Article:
There has been a considerable increase on research of the ecological consequences of microplastics released into the environment, but only a handful of works have focused on the nano-sized particles of polymer-based materials. Though their presence has been difficult to adequately ascertain, due to the inherent technical difficulties for isolating and quantifying them, there is an overall consensus that these are not only present in the environment – either directly released or as the result of weathering of larger fragments – but that they also pose a significant threat to the environment and human health, as well. The reduced size of these particulates (< 1 μm) makes them susceptible of ingestion by organisms that are at the base of the food-chain. Moreover, the characteristic high surface area-to-volume ratio of nanoparticles may add to their potential hazardous effects, as other contaminants, such as persistent organic pollutants, could be adsorbed and undergo bioaccumulation and bioamplification phenomena.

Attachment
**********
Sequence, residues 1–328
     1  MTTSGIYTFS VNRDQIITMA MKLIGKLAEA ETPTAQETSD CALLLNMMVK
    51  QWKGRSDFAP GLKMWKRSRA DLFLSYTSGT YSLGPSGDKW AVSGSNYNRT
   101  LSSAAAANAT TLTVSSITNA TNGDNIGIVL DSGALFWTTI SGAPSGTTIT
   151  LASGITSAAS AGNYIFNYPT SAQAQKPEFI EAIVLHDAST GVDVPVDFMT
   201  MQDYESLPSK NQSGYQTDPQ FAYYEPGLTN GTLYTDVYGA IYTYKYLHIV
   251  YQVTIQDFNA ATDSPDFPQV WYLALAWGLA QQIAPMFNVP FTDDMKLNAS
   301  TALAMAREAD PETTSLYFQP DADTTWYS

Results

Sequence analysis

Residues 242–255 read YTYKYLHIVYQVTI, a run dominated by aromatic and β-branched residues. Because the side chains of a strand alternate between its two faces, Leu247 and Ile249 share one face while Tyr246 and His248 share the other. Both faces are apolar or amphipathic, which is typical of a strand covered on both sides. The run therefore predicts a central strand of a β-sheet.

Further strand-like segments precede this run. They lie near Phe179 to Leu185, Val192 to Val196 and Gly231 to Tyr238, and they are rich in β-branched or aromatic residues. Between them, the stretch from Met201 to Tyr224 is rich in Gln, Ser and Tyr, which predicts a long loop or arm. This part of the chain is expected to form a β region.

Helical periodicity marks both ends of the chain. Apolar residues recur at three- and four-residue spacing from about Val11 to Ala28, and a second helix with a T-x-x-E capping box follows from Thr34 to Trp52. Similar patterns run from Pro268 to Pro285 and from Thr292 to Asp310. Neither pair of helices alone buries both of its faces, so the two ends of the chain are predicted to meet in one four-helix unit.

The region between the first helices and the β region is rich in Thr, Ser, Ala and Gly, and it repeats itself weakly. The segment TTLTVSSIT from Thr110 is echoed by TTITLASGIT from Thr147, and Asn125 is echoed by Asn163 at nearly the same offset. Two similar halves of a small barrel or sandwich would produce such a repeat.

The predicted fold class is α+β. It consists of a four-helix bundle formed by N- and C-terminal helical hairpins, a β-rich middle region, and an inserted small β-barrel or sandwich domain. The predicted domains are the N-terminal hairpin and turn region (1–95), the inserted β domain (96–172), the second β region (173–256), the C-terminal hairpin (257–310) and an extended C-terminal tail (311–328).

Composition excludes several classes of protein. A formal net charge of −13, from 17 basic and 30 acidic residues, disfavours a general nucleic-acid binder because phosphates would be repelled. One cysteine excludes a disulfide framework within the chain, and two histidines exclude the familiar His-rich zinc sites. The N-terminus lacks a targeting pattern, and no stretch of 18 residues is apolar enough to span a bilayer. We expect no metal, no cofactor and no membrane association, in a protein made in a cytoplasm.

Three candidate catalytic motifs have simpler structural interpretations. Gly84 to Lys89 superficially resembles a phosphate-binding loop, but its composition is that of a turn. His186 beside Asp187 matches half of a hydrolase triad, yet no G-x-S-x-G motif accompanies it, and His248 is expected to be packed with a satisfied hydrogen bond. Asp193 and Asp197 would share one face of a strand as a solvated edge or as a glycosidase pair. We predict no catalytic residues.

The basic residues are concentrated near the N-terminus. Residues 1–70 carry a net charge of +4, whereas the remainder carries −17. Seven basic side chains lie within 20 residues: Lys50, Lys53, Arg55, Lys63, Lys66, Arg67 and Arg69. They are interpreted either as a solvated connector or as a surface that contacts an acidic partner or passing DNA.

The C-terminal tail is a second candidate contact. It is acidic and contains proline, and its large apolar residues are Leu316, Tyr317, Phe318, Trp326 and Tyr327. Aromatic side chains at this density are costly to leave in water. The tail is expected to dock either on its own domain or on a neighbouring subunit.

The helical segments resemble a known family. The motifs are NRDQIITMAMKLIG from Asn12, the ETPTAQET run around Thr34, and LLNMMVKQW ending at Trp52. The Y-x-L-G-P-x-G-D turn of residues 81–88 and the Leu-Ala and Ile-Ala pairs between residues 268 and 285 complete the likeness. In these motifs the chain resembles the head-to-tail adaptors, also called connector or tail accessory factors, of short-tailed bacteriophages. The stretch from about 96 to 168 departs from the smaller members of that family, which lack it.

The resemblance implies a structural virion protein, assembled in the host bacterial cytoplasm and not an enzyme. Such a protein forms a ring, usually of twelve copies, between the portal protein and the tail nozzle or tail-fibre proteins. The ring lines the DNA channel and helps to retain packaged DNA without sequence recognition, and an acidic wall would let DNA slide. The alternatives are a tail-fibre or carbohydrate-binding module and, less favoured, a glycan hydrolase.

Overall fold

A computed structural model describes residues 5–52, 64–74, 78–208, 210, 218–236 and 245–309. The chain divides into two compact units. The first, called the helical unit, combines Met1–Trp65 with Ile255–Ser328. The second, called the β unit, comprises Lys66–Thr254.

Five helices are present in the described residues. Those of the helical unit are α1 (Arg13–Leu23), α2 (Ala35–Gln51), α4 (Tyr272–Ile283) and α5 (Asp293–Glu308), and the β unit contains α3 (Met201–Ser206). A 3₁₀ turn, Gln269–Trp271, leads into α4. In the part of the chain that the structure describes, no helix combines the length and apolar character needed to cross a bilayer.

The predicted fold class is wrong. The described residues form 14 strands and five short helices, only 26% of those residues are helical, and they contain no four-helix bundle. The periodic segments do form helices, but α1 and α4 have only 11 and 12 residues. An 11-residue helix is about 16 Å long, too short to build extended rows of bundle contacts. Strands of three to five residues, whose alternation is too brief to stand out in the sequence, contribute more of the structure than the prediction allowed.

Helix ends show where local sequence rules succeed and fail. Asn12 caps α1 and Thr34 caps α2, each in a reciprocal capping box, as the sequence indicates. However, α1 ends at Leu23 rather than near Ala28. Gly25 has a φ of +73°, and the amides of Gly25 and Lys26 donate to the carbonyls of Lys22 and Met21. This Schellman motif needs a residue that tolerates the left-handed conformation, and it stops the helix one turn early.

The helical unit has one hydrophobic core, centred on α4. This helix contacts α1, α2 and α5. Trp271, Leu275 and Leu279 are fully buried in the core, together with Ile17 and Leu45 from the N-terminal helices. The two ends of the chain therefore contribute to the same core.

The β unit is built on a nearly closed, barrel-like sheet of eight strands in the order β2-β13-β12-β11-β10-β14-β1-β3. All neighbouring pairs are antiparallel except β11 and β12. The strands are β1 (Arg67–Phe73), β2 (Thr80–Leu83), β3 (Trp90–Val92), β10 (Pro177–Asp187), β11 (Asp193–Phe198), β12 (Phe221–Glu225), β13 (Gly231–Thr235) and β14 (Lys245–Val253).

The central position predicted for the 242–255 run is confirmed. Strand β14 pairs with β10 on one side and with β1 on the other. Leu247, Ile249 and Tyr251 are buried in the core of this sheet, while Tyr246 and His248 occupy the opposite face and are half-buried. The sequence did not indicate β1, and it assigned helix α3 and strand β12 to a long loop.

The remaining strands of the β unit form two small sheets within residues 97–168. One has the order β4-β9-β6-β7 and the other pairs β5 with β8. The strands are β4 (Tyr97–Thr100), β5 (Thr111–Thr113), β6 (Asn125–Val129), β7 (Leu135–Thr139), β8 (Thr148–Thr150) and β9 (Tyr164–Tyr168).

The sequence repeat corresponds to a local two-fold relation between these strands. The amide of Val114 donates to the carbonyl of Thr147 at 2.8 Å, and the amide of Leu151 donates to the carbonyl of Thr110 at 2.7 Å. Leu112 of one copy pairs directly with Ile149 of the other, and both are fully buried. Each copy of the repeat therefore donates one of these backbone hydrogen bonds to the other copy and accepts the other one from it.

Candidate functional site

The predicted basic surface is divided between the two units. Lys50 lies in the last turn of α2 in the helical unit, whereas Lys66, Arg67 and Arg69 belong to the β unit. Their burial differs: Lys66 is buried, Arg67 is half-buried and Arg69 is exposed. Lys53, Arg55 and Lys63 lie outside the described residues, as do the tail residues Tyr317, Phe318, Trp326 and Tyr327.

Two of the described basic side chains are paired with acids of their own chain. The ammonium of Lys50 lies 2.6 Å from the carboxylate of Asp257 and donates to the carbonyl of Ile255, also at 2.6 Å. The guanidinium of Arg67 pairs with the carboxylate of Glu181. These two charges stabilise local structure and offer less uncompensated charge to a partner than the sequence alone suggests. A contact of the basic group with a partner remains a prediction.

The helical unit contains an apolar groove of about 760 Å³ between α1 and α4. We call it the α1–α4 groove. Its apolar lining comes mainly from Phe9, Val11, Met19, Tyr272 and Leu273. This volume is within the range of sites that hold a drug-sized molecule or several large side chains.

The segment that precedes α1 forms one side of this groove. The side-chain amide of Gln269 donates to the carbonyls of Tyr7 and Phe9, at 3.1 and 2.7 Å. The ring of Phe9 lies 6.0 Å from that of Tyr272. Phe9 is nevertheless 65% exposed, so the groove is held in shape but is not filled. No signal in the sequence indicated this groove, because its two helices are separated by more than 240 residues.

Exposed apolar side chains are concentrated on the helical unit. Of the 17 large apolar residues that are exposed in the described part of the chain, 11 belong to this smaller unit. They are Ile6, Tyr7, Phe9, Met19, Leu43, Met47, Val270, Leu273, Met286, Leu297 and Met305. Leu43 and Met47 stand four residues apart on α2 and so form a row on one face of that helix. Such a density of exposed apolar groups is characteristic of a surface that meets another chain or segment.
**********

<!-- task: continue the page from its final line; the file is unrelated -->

In this review, we describe the most relevant sources of nanoplastics and offer some insights into their fate once released into the environment. Furthermore, we overview the most prominent effects of these small particulates, while identifying the key challenges scientists currently face in the research of nanoplastics in the environment. Lastly, we give a brief summary of the economic impacts of the pollution caused by plastic litter – a potential key source of nanoplastics – in the oceans, the most common destination of these contaminants.
João Pinto da Costa, Patrícia S.M. Santos, Armando C. Duarte, Teresa Rocha-Santos, Science of The Total Environment, Volumes 566–567, Pages 15–26, 1 October 2016